FILM

British Shorts Berlin 2019
Matt Kay
Little Miss Sumo

Festival Screening / Documentary Special

Documentary / Animation / Experimental

Fri 18.1. 18:00 / Sputnik Kino 1

walksoflifefilms.com

A female sumo wrestler fights against tradition and stigma to win her place in the ring.

 

Hi Matt, thanks for talking to TNC, you all set for British Shorts 2019?

 

No problem, thanks for the opportunity. Really looking forward to the festival and it’s my first time in Berlin. 

 

Any nerves ahead of the festival?

 

No nerves now but screening your work is always a little nerve-wracking so I’m sure I’ll have some on the night. 
 

How does it feel to be at the festival with Little Miss Sumo? 

 

It’s funny, you spend so long editing in a small, dark room with no windows and then suddenly it’s time to show it to the world. It’s still in a dark room with no windows but this time it’s a big one and there are much more people than in the edit suite! It’s an exciting part of the film’s journey. I love screenings and the chance to share something I feel is important with others who may not have come across the subject before. 

 

Tell me a little bit about Little Miss Sumo how did the film come about? 

 

I was going on holiday to Japan with some friends and decided to research some potential documentary ideas. Having a camera seems to allow you to go to places that are hard to access and so it’s a good excuse to discover new things, especially if you’re a nosey person like me! I was a fan of sumo wrestling and it has always struck me as strange that there were no female wrestlers. I started to look into why this is the case and the more I read the more I thought it is a story that needs to be told. 

 

How did you get introduced to Hiyori?

 

I contacted Hiyori’s University, Ritsumeikan University in Kyoto because it seemed like a progressive club with lots of history. Their sumo club is over 100 years old and is the only one in Japan that allowed women to train alongside men. They had 3 female wrestlers at the time and Hiyori was the youngest. I was drawn to her because she was from a small remote village in the mountains and studied Gender Studies to try and better understand why women were discriminated against in sumo.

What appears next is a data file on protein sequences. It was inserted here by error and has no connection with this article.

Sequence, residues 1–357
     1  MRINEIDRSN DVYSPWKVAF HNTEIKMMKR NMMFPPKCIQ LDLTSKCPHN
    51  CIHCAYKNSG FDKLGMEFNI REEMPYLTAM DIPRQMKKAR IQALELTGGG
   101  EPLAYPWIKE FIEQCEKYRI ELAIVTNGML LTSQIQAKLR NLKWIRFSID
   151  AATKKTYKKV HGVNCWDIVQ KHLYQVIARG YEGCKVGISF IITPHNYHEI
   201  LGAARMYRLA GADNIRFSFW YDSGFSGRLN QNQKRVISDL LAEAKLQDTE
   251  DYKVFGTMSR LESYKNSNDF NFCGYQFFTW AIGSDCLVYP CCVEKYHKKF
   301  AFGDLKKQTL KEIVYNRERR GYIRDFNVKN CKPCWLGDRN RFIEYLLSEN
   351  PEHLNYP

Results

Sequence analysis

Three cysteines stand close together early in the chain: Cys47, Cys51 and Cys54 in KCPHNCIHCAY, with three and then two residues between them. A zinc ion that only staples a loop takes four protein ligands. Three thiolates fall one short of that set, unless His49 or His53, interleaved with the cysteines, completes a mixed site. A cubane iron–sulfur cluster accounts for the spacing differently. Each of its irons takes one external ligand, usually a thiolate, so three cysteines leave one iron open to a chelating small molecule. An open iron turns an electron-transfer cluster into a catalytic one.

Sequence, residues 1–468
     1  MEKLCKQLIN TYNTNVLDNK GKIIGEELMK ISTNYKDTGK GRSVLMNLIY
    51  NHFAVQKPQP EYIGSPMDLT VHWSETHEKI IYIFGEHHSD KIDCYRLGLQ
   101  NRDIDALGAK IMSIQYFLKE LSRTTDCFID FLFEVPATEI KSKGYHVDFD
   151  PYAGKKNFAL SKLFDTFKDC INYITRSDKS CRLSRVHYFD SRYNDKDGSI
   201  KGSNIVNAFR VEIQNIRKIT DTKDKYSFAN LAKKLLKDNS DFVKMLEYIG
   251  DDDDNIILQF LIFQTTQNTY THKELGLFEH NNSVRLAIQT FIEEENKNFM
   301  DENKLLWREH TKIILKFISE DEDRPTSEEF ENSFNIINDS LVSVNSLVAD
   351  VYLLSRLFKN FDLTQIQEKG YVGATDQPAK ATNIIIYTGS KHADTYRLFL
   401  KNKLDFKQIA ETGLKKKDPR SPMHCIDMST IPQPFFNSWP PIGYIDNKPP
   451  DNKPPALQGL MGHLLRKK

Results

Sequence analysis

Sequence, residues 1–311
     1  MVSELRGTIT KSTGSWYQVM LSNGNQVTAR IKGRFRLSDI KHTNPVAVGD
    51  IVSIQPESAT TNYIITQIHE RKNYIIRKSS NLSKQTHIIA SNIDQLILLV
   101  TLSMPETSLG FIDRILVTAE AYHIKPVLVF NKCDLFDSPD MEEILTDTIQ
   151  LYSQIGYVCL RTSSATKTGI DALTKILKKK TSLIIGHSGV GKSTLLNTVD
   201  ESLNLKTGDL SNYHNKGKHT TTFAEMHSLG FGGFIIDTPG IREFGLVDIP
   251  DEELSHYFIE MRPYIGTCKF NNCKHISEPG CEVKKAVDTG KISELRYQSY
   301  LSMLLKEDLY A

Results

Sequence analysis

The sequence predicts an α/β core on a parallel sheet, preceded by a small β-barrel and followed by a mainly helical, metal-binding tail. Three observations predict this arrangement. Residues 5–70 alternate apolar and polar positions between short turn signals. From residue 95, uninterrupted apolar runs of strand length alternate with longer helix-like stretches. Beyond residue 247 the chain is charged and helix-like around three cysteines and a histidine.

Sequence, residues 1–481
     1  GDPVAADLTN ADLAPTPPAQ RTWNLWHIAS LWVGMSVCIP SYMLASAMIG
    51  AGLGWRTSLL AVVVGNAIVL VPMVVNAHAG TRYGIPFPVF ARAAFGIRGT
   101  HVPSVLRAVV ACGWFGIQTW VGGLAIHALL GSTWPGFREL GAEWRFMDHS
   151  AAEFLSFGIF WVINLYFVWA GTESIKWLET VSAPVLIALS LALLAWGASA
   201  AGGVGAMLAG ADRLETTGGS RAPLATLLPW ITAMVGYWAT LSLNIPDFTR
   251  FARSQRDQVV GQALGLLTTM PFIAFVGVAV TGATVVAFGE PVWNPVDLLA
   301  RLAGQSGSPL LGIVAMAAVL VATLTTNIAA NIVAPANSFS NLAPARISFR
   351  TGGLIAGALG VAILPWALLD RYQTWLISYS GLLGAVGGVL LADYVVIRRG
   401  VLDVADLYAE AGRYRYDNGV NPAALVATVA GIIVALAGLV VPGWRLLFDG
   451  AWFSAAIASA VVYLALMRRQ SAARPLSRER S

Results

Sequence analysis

What was it about her story that interested you so much as a director?

Women are banned from professional sumo. They’re forbidden from entering the ring, which is considered a sacred space, and are said to contaminate it if they touch it. Women can wrestle at an amateur level but have to retire when they graduate from university, way before they reach their physical peak. 

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All the wrestlers I met have an incredible amount of dedication and train 6 times a week. It amazed me that these women trained so hard when there is such an obvious barrier stopping them from being able to continue or wrestle as a career. It seemed like they could never truly realise their full potential which I thought was very poignant. 

"I believe filmmaking is nothing without collaboration."

I was inspired by Hiyori’s passion for sumo and her desire to try and help change this ancient rule and the situation for female sumo wrestlers. I wanted to document her journey as she progressed in the sport and learn more about her motivations for wrestling. And to see if she could fulfil her dreams, which were very ambitious.